Big Tech Companies Want to Use Tax Dollars to Get More Power, Compete Against Banks

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Remember when Google’s motto was, “Don’t be evil"? That single three-word phrase prefaced the company’s entire code of conduct for 17 years. It was a model for their employees’ behavior and a simple summation of the company’s philosophical outlook. But in 2018, Google surreptitiously removed the clause from all company documents. Google doesn’t use that motto anymore, and it’s all too easy to see why.

Google has developed an insatiable appetite for power, and over the past few years, it has engaged in increasingly dubious business practices to acquire it. The search engine giant is already actively censoring conservative voices on YouTube to prop up the company’s leftist ideological perspective. They’re also working hand-in-glove with the Chinese government to build a censored search engine befitting the needs of the authoritarian regime.

The company’s suppression of free expression has led it down an increasingly dark path—and it seems like other Big Tech firms are following suit. Other Silicon Valley leaders like Facebook have instituted similar rules and policies designed to silence opponents, control discourse, and aggregate power. And now, both Google and Facebook’s quest for power has extended beyond their own platforms, into the American economy more generally.

To further extend their leftist corporate influence, tech companies are pushing for a federal system of real-time payments (RTP) run by the Federal Reserve that would cost American taxpayers nearly $1 billion. And the Fed, in its shared insatiable desire for more power, is ready to give it to them.

New services like Google Pay and Amazon Pay, along with up-and-comers, like Facebook’s Libra initiative, allow consumers to pay for goods and services online, with instantaneous withdrawals and transfers. A federally established RTP system would—in theory—allow the Fed to facilitate the instant transfer of funds from disparate bank accounts. And on August 5, that’s exactly what the Fed proposed with a new system, known as FedNow.

The nation’s central bank facilitating the processing of real-time payments may sound like an attractive proposition, but it could crush the burgeoning private RTP marketplace and leave consumers with only a government option. Worse still, FedNow could allow Big Tech unprecedented access to the Federal Reserve—an opportunity that Google, Amazon, Facebook, and the rest won’t take long to exploit.

Currently, instantaneous payment transfer systems like Google Pay are operated through federally-chartered banks, with all the attendant checks, balances, and consumer protections of the regulations that govern them. Banks depend on their charters to exist, giving them strong incentives for compliance. By contrast, companies like Google are accustomed to ignoring the rules of the road, paying fines, and then moving on to continue collecting their billions. So, a federally run RTP system like FedNow that waives the requirement for businesses to work through a chartered bank inherently weakens consumer protections.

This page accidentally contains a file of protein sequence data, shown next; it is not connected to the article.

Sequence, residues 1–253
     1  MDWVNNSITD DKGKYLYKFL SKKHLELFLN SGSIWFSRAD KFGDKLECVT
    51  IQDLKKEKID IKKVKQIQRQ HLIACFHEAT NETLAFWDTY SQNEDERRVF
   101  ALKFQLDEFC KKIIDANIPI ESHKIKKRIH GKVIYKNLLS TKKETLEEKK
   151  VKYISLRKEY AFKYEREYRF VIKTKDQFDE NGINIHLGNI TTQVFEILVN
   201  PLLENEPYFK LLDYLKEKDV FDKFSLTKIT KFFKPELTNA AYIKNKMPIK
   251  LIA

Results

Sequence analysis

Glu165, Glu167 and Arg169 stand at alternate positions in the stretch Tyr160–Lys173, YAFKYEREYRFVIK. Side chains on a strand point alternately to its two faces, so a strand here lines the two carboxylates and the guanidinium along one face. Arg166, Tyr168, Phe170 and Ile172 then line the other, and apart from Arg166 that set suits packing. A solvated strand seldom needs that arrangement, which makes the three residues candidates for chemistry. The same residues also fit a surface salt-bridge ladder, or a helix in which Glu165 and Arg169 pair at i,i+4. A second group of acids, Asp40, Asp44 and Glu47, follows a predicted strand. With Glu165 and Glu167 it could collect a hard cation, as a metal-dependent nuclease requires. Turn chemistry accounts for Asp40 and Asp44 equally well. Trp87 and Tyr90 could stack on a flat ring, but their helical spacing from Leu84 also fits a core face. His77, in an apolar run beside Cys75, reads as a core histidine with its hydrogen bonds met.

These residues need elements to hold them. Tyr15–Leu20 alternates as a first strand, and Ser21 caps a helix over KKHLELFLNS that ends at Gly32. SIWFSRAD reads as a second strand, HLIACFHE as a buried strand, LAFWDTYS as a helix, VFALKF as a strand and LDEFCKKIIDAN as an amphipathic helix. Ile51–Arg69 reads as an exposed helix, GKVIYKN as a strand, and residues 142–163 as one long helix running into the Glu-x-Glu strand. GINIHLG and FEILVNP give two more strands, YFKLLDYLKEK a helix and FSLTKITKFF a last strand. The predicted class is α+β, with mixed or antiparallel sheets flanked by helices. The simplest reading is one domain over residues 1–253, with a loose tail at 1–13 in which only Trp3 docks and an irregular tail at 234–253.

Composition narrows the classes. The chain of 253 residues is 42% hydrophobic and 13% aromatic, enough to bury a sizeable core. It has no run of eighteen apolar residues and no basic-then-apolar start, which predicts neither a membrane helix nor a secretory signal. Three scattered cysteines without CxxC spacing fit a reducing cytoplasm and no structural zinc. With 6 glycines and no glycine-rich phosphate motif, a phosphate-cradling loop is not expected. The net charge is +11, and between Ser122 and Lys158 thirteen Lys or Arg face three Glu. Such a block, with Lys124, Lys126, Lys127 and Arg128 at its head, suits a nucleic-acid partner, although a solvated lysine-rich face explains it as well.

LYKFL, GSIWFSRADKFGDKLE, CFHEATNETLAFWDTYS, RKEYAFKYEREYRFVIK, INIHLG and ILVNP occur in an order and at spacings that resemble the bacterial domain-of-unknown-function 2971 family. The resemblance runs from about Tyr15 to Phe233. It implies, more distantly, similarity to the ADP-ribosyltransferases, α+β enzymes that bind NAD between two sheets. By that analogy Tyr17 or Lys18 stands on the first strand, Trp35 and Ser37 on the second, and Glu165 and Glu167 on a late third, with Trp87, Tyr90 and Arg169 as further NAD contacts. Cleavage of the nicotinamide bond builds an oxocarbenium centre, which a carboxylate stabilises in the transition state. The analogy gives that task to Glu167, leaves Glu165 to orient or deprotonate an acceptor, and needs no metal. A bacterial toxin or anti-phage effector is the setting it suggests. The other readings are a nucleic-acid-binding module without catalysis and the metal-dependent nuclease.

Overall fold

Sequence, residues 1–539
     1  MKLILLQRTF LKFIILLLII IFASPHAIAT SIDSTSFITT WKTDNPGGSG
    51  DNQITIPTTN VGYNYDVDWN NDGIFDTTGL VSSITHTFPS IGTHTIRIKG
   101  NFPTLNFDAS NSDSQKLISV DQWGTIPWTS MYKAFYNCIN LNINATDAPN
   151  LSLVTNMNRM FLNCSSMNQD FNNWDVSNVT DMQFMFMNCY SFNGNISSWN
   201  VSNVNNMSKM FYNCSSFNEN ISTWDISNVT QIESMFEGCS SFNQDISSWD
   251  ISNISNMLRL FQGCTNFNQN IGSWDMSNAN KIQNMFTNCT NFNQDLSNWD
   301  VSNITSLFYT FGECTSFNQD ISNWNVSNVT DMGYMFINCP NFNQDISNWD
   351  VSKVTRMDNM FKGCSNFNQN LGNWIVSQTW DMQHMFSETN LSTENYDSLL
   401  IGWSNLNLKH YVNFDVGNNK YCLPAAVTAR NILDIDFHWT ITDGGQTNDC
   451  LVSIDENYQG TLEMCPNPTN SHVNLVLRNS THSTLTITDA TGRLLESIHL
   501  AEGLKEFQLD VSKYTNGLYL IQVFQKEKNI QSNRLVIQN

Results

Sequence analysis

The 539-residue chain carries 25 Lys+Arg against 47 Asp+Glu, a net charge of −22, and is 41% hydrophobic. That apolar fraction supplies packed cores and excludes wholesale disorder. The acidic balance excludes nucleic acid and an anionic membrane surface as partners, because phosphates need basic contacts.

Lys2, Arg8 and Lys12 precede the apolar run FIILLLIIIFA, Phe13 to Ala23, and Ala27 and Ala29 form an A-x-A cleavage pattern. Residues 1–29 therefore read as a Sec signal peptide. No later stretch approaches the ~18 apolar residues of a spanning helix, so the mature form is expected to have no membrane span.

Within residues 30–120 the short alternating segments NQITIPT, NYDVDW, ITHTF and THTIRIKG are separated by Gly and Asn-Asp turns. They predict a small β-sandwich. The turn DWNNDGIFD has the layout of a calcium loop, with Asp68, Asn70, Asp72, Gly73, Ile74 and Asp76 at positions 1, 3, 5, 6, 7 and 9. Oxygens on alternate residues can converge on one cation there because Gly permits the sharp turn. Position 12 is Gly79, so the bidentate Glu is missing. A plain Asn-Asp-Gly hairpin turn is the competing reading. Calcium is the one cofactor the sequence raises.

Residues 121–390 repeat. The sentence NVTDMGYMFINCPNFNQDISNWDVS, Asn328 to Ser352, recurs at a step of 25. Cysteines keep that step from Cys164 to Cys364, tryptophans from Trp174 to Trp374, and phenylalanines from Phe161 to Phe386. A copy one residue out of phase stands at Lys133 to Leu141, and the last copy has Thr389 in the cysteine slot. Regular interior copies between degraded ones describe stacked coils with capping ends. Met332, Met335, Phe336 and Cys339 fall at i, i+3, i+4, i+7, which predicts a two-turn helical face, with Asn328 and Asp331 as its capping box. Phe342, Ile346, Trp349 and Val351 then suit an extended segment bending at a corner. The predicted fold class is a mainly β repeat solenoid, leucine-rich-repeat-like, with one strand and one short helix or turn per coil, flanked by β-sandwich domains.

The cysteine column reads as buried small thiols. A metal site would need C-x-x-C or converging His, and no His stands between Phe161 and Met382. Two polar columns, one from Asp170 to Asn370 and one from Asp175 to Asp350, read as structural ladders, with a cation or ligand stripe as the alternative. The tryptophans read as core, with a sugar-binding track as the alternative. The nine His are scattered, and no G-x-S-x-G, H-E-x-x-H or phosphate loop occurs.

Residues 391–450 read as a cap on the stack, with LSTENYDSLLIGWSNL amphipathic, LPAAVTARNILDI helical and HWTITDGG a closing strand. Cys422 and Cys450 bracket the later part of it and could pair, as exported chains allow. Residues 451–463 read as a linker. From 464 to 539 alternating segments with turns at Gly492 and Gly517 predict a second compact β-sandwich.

There would be protests in the street if the Fed allowed Goldman Sachs or Morgan Stanley to operate without bank charters and outside of U.S. banking regulations. The same should occur if it ends up giving such unchecked power to Silicon Valley. After all, even though Google Pay and other Big Tech payment services currently operate as financial institutions, their parent companies have already publicly exposed hundreds of millions of their consumers’ records—whether intentionally or not.

A long record of Silicon Valley companies playing fast and loose with users’ data and their seemingly selective approach to compliance with other regulations should be sufficient evidence to cause consumers alarm at the prospect of a FedNow system that further empowers them.

FedNow’s centralization of power fits perfectly with the marketplace concentration that companies like Google have been trying to achieve over the last several years. These mega businesses have slowly tightened their grip over consumers, controlling what they can say, what they can see, and with whom they can associate. They’ve managed this feat by becoming an essential feature of every Americans’ life and leveraging that reality to exert increasing degrees of control over the public. Granting these companies direct access to a federal system of real-time payments will only extend that control into ever more sensitive areas of consumers’ lives.

Digital companies, like Google, have shown they simply cannot be trusted to act independently in the best interests of their users. Instead, they will manipulate the system to achieve their preferred result: greater control.

Reigning in these companies is a complex challenge and a system like FedNow will only make it more difficult. The private sector is already operating the real-time payments marketplace on its own. Consumers don’t need the Fed’s big government power grab or its Big Tech empowerment plan.

Drew Johnson is the former national director of Protect Internet Freedom and currently serves as a senior fellow at the National Center for Public Policy Research, where he researches economic and tech policy issues.